Our Insights

December 31, 2017 — Market Insights
Economic Update
 




Quarterly key points

  • ∙The U.S. economy shrugged off the impact from Hurricanes Harvey and Irma during the third quarter, posting a second consecutive quarter of GDP growth above the 3% level.
  • ∙Republicans passed into law a major tax cut package, including a significant cut in the corporate tax rate and more modest cuts at the individual level.
  • ∙The Fed raised its policy rate by 25bps at its December meeting and signaled three more hikes in 2018.

Our view

  • ∙Economic fundamentals remain positive across Europe, developed Asia, and the United States, and the recent solid pace of global growth looks set to continue into 2018.
  • ∙Tax cuts seem likely to add modestly to the already strong pace of growth in the U.S. On the negative side, the Fed’s gradual removal of policy stimulus (rates and balance sheet unwind) should temper growth optimism over the intermediate-term.
  • ∙With the U.S. economy at full employment, inflation readings will likely be more important than the pace of hiring or the level of GDP growth for the Fed’s rate hike decisions this year.

U.S. Economy Shrugs off Hurricane Disruption to Post Strong Growth in Q3

The U.S. economy posted strong GDP growth in the third quarter, increasing +3.2% over the prior quarter on an annualized basis. With a 3.1% pace of growth in the second quarter, the last two quarters experienced the fastest back-to-back quarters of growth since 2014. Growth in Q3 was driven by solid personal consumption (+2.2% Q/Q ann.), business investment (+4.7%), and exports (+2.1%).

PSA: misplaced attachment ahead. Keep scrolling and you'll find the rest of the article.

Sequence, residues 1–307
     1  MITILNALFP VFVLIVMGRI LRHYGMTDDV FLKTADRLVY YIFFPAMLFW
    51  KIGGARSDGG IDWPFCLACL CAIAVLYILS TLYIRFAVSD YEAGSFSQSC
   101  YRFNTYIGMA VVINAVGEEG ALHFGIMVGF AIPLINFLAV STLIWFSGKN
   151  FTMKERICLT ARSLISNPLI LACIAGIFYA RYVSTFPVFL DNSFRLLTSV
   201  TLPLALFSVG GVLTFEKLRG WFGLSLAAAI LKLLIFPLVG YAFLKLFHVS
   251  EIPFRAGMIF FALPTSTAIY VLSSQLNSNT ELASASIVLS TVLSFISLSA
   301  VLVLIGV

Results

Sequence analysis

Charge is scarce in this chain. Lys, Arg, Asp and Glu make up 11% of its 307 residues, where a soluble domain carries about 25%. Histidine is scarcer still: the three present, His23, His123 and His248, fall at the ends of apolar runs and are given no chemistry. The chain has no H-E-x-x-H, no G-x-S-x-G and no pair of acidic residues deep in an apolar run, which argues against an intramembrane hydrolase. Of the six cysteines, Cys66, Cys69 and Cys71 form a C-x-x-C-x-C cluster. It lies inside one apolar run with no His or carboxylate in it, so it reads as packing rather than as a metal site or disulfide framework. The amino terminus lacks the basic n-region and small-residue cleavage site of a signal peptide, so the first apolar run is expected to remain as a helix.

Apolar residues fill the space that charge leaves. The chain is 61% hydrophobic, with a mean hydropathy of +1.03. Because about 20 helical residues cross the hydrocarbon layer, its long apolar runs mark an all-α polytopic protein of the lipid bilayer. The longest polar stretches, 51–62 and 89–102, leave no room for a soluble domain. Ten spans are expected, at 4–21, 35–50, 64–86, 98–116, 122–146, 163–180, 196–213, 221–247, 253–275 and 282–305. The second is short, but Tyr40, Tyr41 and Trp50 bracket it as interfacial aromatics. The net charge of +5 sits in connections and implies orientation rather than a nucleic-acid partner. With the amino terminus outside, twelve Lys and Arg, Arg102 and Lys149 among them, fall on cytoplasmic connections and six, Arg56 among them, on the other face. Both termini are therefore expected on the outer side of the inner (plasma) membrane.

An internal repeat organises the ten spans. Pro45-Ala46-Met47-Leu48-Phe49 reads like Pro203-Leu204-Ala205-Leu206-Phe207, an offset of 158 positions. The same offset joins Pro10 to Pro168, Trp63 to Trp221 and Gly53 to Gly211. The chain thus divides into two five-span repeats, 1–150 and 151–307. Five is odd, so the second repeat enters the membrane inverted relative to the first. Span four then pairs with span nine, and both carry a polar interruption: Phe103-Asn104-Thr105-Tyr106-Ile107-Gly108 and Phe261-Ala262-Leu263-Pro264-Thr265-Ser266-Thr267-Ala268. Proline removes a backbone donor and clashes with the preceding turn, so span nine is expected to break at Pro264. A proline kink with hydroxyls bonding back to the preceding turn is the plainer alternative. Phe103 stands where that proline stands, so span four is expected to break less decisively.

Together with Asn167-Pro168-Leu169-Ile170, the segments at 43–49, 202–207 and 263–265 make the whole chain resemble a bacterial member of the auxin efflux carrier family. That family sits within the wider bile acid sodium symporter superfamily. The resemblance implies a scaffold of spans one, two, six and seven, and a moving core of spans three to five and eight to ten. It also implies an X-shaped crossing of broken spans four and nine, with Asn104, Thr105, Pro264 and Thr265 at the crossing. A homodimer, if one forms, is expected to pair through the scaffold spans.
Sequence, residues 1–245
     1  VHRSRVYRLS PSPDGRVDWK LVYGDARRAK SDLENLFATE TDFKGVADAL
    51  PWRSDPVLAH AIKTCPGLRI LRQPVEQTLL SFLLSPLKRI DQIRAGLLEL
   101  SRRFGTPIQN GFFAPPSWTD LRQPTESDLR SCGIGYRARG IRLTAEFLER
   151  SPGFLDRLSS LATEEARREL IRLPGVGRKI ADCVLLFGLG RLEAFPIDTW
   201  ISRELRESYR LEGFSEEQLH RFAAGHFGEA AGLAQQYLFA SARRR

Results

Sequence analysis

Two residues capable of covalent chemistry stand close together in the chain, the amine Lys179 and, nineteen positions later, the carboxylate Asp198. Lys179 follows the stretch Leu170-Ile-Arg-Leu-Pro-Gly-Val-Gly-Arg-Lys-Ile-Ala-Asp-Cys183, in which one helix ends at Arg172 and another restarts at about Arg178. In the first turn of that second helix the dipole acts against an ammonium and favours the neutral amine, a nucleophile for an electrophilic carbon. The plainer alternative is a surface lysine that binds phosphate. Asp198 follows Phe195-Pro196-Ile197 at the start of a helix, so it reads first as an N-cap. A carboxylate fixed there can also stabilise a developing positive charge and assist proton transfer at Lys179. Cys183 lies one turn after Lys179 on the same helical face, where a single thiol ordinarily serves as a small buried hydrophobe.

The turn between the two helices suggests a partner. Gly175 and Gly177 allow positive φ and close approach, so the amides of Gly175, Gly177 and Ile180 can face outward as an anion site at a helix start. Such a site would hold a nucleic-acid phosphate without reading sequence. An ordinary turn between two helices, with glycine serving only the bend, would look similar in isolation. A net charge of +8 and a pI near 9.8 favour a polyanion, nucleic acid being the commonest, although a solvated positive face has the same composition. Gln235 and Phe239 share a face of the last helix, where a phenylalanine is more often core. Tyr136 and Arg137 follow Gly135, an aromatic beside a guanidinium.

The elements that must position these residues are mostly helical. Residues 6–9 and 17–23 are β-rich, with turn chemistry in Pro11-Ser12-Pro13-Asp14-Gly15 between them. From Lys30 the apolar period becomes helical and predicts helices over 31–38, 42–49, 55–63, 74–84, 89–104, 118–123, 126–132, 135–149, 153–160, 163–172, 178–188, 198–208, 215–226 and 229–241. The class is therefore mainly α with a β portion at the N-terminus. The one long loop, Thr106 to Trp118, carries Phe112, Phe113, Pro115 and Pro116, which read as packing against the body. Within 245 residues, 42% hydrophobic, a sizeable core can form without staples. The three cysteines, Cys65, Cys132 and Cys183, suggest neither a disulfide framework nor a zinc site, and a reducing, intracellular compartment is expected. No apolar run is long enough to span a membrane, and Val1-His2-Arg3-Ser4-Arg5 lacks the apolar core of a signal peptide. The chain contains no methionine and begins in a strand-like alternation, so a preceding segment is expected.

The job market remained strong over the quarter, although job creation has slowed over the last 12 months as the economy approaches full employment. On average, employers added 172,000 jobs per month over 2017 versus nearly 187,000 in 2016 and 2015’s average of 226,000 jobs per month. The unemployment rate stood at 4.1% in December, down 0.1% since the end of the third quarter and 0.6% from the start of 2017.

The sustained recovery in business investment this year, particularly in equipment, is a welcome development in terms of the balance of GDP growth between consumption and investment. Whether encouraged by the relatively scarce supply of workers, recently passed cuts to the corporate tax rate, or provisions for immediate expensing of capex – or all of the above – companies have clearly begun to invest more into their businesses than in recent years. Such investment, if sustained, bodes well for continued economic expansion.